What it would take to rein in the Deep State

DeepState51cdQwM-Z8LMike Lofgren’s new book, The Deep State, describes the interlocking  U.S. military-industrial complex, financial oligarchy and police state which is not subject to either the rule of law or democratic control.   The particulars of his description are available in the previous two posts and in the linked articles.

Here’s what I think needs to be done in order to rein in the Deep State.


authoritarianism9fd18cCongress should exercise the power of the purse to prevent the President from committing acts of war on his or her own initiative.  President Obama has stated that he considers himself free to attack foreign countries by means of bombing from the air, killer drones and Special Operations because these things are not war.  It is only war when large numbers of American ground troops are involved.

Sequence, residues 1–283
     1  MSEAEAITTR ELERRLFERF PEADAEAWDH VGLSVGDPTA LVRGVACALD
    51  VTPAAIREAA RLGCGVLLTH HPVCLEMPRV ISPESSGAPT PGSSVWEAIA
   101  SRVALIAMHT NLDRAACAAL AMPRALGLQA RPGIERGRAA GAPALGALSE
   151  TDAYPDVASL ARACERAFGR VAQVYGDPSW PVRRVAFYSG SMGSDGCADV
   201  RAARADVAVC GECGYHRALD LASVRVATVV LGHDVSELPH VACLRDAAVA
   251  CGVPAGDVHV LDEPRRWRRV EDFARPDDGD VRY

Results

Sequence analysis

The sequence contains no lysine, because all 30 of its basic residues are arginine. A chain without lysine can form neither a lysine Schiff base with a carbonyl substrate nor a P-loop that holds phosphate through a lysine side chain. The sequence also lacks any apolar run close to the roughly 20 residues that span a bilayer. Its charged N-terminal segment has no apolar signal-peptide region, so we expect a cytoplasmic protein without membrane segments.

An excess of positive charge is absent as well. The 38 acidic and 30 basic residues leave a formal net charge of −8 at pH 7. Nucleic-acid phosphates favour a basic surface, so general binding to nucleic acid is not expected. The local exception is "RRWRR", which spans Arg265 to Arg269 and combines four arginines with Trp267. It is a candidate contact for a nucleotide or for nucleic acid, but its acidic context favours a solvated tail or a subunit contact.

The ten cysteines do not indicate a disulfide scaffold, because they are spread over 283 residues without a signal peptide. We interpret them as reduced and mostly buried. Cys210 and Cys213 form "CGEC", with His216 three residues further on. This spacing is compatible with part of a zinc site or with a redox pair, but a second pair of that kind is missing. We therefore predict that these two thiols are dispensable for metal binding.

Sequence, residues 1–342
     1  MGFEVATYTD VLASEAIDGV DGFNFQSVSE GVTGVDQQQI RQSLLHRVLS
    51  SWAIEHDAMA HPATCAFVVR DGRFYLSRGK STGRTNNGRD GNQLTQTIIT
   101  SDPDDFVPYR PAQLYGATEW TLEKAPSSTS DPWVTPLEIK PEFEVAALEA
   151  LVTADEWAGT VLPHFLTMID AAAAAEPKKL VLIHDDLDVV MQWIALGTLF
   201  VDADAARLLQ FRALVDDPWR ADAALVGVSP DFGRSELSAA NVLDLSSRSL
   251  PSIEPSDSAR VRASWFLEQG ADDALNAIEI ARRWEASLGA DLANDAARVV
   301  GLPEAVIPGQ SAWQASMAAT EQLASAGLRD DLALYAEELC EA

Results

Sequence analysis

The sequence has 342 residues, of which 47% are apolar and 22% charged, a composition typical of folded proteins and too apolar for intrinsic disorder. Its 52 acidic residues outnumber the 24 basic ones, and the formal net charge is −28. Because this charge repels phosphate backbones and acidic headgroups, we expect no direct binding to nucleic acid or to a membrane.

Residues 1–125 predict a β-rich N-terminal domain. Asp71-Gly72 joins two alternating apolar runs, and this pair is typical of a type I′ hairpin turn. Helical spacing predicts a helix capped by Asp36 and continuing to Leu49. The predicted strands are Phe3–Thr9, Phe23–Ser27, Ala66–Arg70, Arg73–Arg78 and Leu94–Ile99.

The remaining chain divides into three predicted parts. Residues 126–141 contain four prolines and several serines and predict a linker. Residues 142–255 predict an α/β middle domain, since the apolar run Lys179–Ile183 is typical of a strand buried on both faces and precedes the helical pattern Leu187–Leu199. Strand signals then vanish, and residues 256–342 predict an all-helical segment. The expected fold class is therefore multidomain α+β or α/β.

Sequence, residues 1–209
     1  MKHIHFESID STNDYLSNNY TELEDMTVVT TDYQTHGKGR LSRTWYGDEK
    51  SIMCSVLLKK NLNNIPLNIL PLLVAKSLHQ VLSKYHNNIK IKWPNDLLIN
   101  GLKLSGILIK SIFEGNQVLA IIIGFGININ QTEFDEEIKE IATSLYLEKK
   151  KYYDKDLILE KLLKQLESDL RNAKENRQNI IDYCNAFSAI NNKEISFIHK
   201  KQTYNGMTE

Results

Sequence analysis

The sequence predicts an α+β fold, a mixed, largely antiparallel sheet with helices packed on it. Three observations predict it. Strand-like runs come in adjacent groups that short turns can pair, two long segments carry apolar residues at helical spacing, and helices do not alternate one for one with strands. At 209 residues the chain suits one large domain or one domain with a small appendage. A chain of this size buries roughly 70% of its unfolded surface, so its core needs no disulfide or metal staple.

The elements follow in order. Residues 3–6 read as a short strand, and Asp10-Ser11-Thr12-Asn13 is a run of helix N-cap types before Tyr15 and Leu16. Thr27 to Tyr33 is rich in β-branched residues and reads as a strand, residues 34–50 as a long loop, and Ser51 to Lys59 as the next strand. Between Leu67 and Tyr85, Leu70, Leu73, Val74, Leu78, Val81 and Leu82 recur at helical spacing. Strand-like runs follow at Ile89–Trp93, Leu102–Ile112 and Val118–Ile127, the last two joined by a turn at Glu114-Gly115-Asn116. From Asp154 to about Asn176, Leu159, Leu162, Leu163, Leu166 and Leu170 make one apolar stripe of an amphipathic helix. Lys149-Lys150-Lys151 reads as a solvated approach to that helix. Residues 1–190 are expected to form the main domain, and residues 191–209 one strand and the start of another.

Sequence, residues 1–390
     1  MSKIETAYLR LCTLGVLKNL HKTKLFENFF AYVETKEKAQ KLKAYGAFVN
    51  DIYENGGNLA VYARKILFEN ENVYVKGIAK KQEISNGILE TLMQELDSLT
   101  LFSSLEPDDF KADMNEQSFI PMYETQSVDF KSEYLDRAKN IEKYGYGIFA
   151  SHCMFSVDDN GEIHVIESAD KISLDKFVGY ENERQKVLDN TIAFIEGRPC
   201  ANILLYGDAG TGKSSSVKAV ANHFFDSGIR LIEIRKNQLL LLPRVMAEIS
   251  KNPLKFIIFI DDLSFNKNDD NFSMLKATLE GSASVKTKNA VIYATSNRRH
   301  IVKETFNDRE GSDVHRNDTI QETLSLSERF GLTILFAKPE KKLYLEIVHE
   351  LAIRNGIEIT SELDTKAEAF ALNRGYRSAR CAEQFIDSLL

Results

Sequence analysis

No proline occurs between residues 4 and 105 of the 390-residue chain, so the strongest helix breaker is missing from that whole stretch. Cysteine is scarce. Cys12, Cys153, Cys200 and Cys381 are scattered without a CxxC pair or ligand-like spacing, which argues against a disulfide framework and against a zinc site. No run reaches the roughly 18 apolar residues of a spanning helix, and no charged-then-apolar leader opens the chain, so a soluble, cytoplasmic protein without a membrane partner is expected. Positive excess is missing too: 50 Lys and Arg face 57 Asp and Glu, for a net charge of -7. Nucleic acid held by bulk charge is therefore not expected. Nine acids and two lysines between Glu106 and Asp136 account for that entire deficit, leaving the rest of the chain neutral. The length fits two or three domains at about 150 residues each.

Refusing to levy taxes is the historic method used by parliaments and national assemblies to force absolute monarchs to cease aggressive wars and submit to the rule of law.  The U.S. precedent is the Case-Church Amendment of 1973 forced a cutoff of funds for military operations in Vietnam after August 15 of that year, and brought the Vietnam Conflict to an end.

Congress should pass a resolution ending funding for military operations and military aid and subsidies in the Middle East after a specific deadline, except for what is specifically authorized by Congress.

And if the executive refused to comply with that resolution?  The Constitutional remedy for this is impeachment.